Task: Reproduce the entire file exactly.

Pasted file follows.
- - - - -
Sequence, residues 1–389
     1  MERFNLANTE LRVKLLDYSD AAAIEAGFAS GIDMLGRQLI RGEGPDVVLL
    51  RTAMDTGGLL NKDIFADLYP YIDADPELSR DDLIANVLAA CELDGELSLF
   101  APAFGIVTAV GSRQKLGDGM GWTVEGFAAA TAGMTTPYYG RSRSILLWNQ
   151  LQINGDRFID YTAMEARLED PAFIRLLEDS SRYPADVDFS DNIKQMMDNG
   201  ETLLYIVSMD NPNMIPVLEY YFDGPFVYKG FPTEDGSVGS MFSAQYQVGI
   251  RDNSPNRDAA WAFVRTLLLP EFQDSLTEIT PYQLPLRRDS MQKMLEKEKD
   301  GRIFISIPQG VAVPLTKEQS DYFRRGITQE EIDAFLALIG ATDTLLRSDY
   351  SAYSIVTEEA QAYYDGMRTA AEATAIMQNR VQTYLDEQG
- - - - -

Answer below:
Sequence, residues 1–389
     1  MERFNLANTE LRVKLLDYSD AAAIEAGFAS GIDMLGRQLI RGEGPDVVLL
    51  RTAMDTGGLL NKDIFADLYP YIDADPELSR DDLIANVLAA CELDGELSLF
   101  APAFGIVTAV GSRQKLGDGM GWTVEGFAAA TAGMTTPYYG RSRSILLWNQ
   151  LQINGDRFID YTAMEARLED PAFIRLLEDS SRYPADVDFS DNIKQMMDNG
   201  ETLLYIVSMD NPNMIPVLEY YFDGPFVYKG FPTEDGSVGS MFSAQYQVGI
   251  RDNSPNRDAA WAFVRTLLLP EFQDSLTEIT PYQLPLRRDS MQKMLEKEKD
   301  GRIFISIPQG VAVPLTKEQS DYFRRGITQE EIDAFLALIG ATDTLLRSDY
   351  SAYSIVTEEA QAYYDGMRTA AEATAIMQNR VQTYLDEQG